Okay, so , here we are again.
This week's subject is simple enough: Do we need editors.
Yes, profoundly, yes.
Let me clarify: YES!
Let's go with my latest, experience, shall we?
let it be known that I love making characters! I dig the hell out of it. I once counted the named characters in my novel/trilogy SERENITY FALLS and I came up with 187 named characters. that wasn't all of the characters in the book, just the ones with names. The damned book should have a lexicon, especially since the story spans three centuries and, just as in real life, some of the characters actually have the same name in the family tree. My editor was ready to have an embolism. I didn't care. I knew what I was doing and the characters with the same names were never mentioned in the same chapters.
But I digress.
I recently finished the first draft of FALLEN GIDS< the second book in the TIDES OF WAR series. All was well and I was taking my time with the novel when my publisher politely asked me when he might see the first draft, as it was currently Three Months Late. That is not a typo.
Here's the problem: I thought I still had a month to go. Sometimes it's not a matter of writer's block or any of that sort of thing. I knew what I wanted to say, I knew where I wanted the story to end for Book Two. I just confused myself on the deadline.
That meant going from Zero to Ninety in exactly no time. I slammed my foot onto the gas and I WROTE. I also apologized profusely, because I LOATHE being late. And when Iw as done I promised the next book will be early to make up thew difference. (It will be.)
I'm off working on Book Three when the editor asks to speak with me. As he's in another country, we Skyped the whole thing. Took about thirty minutes to go over the notes. Phil, my editor, is one of the best. He works for the publisher. his job is to turn my Manuscript into something coherent. That is often a monumental task.
Let me explain: I KNOW what I am doing. I KNOW that the book is going to be roughly this long, and how I'm going to end it. I know grammar well enough that I don't sweat that stuff.
I also know that my brain LIES TO ME! It's what brains do. Why? because I have planned the book out long before I write it. No, I don't outline. I hate outlining, I feel restricted if I outline in high detail first. I feel obligated to write a scene that matches what I planned and that's horrible for me.
So I have Phil and others to help. What are they helping with? Damned near everything, but especially on the first draft they're stuck correcting my typos, telling me when I'm using the same phrase too often, and, oh, yeah, when I'm using too many characters to suit my needs.
Remember when I said I like creating characters? It's true, I do. And it's a complaint I've had on many reviews, for that matter. Story is okay, but there are too many POV's is a common argument. Tat doesn't stop me, by the way. I still write like me. But when an editor comes along and gives me a legitimate argument against the number of POVs I'm using, I tend to listen.
I'm over halfway through the edits Phil suggested. Some of them are easy. The biggest challenge is rewriting several scenes to limit the number of POVs to five. It's tedious at times, but it's also the right call. Because while -I- have no trouble distinguishing who is who in the scenes, there are already a LOT of characters in the series and I add more. No one has to see from their perspective, especially when they often times show up only briefly and then not for a long while.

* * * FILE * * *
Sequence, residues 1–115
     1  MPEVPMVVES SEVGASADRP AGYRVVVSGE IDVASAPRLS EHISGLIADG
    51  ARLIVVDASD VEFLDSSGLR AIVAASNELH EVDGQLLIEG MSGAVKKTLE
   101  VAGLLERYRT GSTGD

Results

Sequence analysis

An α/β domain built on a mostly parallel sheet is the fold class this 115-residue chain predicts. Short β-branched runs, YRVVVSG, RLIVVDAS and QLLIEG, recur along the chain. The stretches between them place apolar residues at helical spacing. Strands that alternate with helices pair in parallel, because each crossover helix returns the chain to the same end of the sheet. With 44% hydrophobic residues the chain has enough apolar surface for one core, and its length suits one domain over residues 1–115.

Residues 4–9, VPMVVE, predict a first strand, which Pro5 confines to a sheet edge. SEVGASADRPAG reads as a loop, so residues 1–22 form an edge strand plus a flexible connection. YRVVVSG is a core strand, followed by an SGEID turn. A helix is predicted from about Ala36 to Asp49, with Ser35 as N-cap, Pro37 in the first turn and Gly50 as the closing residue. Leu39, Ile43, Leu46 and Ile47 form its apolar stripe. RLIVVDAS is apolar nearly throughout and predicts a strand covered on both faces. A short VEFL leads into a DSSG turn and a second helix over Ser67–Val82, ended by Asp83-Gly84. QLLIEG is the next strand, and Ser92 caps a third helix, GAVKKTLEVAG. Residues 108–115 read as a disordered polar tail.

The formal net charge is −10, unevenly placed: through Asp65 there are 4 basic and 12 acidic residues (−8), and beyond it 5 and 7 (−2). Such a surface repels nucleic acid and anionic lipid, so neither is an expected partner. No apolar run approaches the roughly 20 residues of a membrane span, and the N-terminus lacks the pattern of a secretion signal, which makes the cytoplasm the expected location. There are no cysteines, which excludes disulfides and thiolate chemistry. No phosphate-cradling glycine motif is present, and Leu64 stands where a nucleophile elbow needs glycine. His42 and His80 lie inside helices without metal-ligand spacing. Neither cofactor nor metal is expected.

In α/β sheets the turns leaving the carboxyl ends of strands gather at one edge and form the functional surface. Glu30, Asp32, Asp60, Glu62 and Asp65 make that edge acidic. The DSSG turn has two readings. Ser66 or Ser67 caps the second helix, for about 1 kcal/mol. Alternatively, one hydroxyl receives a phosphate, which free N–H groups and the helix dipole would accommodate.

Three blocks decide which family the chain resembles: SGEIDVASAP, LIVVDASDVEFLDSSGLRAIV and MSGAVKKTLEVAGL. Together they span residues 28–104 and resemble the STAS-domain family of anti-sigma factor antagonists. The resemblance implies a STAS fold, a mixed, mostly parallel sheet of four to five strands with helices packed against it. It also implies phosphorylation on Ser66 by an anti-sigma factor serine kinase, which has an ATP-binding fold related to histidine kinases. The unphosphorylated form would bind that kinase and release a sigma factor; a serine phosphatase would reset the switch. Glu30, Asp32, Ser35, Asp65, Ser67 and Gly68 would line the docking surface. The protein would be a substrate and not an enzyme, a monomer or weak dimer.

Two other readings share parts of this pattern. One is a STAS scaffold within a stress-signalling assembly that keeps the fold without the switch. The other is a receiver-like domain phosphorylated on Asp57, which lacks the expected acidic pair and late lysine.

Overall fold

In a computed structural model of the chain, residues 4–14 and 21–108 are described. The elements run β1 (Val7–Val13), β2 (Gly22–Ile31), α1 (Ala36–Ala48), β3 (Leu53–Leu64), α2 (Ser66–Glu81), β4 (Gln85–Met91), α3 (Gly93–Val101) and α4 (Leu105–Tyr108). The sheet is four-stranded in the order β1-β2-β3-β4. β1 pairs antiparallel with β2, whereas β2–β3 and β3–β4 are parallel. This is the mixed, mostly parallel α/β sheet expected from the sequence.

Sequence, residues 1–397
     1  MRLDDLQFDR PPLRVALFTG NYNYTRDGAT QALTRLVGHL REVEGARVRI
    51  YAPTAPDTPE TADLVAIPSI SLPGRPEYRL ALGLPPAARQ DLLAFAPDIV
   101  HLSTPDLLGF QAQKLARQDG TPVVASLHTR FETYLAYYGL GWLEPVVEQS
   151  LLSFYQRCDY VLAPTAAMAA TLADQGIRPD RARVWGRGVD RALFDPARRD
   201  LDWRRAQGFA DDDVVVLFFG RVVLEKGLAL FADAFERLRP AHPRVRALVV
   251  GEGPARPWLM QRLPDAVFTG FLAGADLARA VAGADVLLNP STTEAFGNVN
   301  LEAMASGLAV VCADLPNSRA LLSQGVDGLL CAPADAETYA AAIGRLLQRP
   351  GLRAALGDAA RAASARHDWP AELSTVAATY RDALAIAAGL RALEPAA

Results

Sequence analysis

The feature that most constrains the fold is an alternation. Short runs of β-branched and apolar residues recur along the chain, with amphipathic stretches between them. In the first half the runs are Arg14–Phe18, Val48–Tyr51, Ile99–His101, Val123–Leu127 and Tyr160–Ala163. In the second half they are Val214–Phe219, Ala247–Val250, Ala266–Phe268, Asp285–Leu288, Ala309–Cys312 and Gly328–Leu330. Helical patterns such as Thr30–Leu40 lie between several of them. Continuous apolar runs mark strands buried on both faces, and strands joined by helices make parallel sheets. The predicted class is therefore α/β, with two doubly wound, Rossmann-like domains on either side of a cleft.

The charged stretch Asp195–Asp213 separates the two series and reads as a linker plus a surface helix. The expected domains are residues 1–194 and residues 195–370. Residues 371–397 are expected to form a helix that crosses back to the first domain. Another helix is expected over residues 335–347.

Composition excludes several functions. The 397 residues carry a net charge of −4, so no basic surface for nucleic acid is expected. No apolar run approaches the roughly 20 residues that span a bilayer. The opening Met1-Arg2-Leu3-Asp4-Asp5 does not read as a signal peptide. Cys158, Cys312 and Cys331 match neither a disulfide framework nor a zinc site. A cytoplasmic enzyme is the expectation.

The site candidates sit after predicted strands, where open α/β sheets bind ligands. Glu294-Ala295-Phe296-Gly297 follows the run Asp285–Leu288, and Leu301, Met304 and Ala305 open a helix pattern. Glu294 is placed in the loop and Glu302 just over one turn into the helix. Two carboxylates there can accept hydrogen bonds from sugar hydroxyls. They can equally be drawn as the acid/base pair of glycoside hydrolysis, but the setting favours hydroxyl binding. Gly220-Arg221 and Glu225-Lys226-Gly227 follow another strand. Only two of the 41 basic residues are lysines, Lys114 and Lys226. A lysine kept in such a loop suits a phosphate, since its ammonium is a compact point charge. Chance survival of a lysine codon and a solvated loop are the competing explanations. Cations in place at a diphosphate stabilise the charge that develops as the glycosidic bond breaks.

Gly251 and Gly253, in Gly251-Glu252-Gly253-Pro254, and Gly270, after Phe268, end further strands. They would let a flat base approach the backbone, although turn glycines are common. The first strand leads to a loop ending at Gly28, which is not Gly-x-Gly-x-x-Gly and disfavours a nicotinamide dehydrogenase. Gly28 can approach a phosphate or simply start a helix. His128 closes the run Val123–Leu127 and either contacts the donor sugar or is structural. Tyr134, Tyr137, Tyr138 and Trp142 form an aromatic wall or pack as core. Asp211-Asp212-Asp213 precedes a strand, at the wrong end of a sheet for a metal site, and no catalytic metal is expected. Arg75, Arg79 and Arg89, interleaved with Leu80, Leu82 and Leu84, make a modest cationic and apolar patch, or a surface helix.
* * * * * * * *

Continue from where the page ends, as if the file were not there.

My mind goes crazy when I'm in the zone. I know what I want to say, and I know what I mean to say, but that doesn't guarantee that I'm saying it in the best way. Typos happen and often times, if I haven't waited long enough, say, a couple of months, I can;' see the mistakes because my mind knows what is supposed to be there and my eyes assume that's what I wrote. Even if I set up autocorrect to take care of many of my more common typing *(Yes, I did that already) there are a few that sneak though. I'm finding a lot of them as I do my rewrites.
I am human. Sometimes you simply need more than one pair of eyes.
Most of the successful self published authors I know pay an editor I'm lucky, my publisher does that for me and they chose well.
Do you need an editor? Yes. God yes. Dear God yes.
Never you'll see the mistakes. You won't. Not all of them. Never assume that the book needs another edit. Sometimes it's finished and a writer can't see it. If you are on the fifth edit, either the book was hideous beyond repair or self doubt is crippling you and it's time for an editor.
Autocorrect won't catch everything. Ever.
trust me. You need an editor. I can edit other people, no problem, but I am not as intimate with their manuscript as I am with my own. It's exactly that simple.
James A. Moore
Monday, May 29, 2017
EVERYONE needs an editor.
I write fiction, a little of everything and a lot of horror. I've written novels, comic books, roleplaying game supplements, short stories, novellas and oodles of essays on whatever strikes my fancy. That might change depending on my mood and the publishing industry. Things are getting stranger and stranger in the wonderful world of publishing and that means I get to have fun sorting through the chaos (with all the other writer-types). I have a website. This isn't it. This is where you can likely expect me to talk about upcoming projects and occasionally expect a rant or two. Not too many rants. Those take a lot of energy. In addition to writing I work as a barista, because I still haven't decided to quit my day job. Opinions are always welcome.